That's a product name I haven't heard since I worked in a hardware store in the 50's.
Sold a lot of it this time of year getting ready for those northern Ohio winters.
Lew
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Thanks to everyone for the suggestions so far. Some more browsing has turned up a few other ideas:
Silicone weatherseal: www.buy.com/retail/product.asp?sku 8062950&listingidE643901 liquid electrical tape: www.plastidip.com/industrial_solutions/Liquid_Tape_-_Electrical_Insulation "strip-n-stick" silicon tape: www.cshyde.com/Tapes/Data/stripnstickinfo.htm
The first one probably isn't as squishy as I'd prefer, and the second one would be harder to build up to a decent thickness. That last one looks like a good candidate - but finding a source for it in NYC will be a trick.
mitch
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On Mon, 09 Nov 2009 00:08:59 -0800, meeotch wrote:

Give cshyde a call. They could probably give you the name of a local or a online retailer.
Paul T.
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The only dumb question, is the one not asked

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Must be some nice stuff you're putting in there. A 10 yard roll of that last tape is $40. Any foam weatherization tape sold at the Borg would work - doesn't have to be silicone, does it?
R
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On Sun, 8 Nov 2009 20:20:52 -0800 (PST), the infamous meeotch

Don't do the "removable glass" trick. Instead, hinge the whole top up or make it a self-aligning, drop-on lid assembly. Prefinish and wax the pertinent portions of the wood, then silicone the glass in, and trim off (from the bottom) the dried squeeze-out with a razor. Mask off the top and carefully wipe the squeeze-out from the top while it's fresh.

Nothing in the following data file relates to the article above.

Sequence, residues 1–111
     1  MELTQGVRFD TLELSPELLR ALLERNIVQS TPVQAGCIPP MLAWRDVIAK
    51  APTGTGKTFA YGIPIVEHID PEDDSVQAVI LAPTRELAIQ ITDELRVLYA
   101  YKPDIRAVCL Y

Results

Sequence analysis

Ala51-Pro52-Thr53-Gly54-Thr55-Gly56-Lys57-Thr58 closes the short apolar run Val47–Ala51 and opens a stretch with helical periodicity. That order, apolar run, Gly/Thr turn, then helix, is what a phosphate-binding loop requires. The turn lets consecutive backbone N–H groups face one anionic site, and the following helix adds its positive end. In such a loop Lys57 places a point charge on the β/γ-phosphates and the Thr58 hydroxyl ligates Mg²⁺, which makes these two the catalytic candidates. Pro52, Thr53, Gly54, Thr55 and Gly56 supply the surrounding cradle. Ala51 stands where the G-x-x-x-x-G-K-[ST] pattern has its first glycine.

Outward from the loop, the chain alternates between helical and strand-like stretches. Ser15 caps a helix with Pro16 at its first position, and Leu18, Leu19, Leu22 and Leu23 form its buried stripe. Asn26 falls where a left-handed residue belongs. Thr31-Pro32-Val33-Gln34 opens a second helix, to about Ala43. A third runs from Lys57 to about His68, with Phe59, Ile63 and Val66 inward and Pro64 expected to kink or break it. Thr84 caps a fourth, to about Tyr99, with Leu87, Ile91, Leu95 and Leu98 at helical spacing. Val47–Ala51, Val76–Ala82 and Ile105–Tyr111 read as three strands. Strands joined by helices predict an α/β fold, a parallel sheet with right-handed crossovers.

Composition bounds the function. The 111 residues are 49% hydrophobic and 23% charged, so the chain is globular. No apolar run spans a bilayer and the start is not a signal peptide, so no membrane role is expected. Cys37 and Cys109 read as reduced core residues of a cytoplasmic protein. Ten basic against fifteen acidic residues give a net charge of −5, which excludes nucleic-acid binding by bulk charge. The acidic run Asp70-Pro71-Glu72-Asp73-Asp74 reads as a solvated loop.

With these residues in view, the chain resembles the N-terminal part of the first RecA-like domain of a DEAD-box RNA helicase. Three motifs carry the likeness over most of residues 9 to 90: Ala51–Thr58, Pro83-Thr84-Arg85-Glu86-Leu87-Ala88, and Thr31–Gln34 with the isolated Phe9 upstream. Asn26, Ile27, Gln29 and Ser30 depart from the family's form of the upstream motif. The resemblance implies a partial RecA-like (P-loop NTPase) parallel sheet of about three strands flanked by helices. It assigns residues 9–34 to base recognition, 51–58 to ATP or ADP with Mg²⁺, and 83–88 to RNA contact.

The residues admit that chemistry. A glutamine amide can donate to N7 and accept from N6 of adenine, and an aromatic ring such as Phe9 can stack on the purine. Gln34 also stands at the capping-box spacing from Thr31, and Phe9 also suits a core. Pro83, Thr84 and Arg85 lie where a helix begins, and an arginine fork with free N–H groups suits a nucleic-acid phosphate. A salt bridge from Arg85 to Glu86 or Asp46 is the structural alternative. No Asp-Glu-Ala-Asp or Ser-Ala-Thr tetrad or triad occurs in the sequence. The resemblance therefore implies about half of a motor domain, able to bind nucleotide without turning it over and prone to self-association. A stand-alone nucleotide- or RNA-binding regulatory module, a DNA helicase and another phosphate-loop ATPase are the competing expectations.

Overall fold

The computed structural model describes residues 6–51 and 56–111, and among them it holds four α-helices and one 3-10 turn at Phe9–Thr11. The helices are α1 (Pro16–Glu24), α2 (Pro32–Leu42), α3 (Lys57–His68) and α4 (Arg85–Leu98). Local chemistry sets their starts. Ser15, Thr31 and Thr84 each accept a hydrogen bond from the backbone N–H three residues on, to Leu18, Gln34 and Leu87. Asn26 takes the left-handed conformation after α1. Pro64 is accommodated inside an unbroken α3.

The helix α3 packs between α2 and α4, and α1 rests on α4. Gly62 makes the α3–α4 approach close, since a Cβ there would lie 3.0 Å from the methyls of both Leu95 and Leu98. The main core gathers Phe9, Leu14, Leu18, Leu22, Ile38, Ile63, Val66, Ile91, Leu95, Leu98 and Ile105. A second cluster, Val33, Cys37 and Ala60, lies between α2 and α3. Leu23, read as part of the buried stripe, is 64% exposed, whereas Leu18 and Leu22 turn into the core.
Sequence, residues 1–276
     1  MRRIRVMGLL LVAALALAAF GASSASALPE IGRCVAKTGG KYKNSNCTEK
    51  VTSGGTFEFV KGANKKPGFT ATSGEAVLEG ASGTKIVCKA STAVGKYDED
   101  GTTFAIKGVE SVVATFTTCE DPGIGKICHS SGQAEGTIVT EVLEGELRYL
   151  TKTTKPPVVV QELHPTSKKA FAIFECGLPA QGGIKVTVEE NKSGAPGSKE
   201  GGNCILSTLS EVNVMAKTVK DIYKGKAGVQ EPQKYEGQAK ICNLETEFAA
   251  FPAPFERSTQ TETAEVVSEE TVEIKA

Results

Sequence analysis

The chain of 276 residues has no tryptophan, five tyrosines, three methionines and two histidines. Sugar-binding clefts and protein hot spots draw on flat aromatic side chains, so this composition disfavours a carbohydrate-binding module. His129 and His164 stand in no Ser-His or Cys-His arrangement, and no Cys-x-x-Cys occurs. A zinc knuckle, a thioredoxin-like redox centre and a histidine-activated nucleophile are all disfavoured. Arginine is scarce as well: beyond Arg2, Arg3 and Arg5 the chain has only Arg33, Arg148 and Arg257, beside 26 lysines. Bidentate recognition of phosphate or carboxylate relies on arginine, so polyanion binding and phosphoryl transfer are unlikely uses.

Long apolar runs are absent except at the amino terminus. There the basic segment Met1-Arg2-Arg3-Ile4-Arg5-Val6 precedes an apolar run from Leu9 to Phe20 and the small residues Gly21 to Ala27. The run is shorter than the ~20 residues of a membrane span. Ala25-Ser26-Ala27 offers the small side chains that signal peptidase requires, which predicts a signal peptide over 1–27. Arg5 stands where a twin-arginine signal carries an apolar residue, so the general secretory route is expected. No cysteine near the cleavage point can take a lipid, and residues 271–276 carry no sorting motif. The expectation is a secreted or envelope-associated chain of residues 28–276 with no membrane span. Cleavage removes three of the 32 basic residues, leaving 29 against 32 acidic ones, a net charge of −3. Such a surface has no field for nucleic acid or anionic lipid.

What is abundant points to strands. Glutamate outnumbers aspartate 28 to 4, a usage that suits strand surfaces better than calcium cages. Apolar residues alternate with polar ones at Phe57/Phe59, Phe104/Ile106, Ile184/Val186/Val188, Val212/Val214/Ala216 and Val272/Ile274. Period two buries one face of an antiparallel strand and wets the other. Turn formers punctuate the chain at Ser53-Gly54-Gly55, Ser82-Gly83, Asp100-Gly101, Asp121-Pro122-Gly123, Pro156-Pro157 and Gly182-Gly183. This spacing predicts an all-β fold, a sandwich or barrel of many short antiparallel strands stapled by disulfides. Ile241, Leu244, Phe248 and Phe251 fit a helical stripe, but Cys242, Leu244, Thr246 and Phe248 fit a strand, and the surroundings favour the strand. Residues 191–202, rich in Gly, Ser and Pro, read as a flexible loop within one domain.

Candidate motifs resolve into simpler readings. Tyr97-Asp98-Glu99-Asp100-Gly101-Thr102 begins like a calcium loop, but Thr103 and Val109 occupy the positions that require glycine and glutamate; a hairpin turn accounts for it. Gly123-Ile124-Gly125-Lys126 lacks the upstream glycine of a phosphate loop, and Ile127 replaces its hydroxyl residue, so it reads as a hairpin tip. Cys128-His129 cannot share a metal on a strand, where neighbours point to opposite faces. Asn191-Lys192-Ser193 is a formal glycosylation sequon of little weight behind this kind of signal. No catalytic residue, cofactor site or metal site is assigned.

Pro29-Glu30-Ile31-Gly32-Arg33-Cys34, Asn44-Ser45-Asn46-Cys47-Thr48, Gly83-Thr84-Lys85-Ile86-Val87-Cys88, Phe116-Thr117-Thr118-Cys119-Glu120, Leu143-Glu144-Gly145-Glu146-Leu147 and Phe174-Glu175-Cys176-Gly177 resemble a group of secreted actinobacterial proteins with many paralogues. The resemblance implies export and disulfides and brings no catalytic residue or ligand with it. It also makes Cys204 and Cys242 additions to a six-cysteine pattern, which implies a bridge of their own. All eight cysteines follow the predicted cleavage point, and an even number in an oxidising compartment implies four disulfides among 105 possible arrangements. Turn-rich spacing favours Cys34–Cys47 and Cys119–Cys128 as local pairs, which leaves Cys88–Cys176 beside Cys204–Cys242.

Tips to keeping silicone looking good: 1) Use only fresh unopened tubes of silicone. 2) Warm the tube of silicone, the wood, and the glass to room temps or higher before use. 3) Try to apply it in an even thickness so when the glass squeezes it down, it won't have any air bubbles trapped in it. This will make it blend into the wood nicely. 4) Clean the glass with Windex or denatured alcohol to remove all fingerprints and oil before you handle it, with gloves, during the installation. You'll probably need help gently dropping it directly into the opening, so have them use gloves, too. 5) Watch your gloves after dropping the glass. They'll probably have silicone on them and will leave residue on anything you touch. 6) Let the table rest for 24 hours after the glueup before doing anything else to it. Rushing it can cause flexing and air entrapment which makes it look bad.

(You forgot a w in the www.) Yeah, make mortised leg end-pairs (U shape) and hinge them inward from the top subframe (like banquet table legs), using a drop-in spreader/shelf to further stabilize 'em at the bottom.
An even better way is to make the table chest of drawers style, with a single slideout drawer containing your displayed goodies. It would be very stable but not as portable. http://fwd4.me/3UK or http://atlanta.craigslist.org/nat/fuo/1455420485.html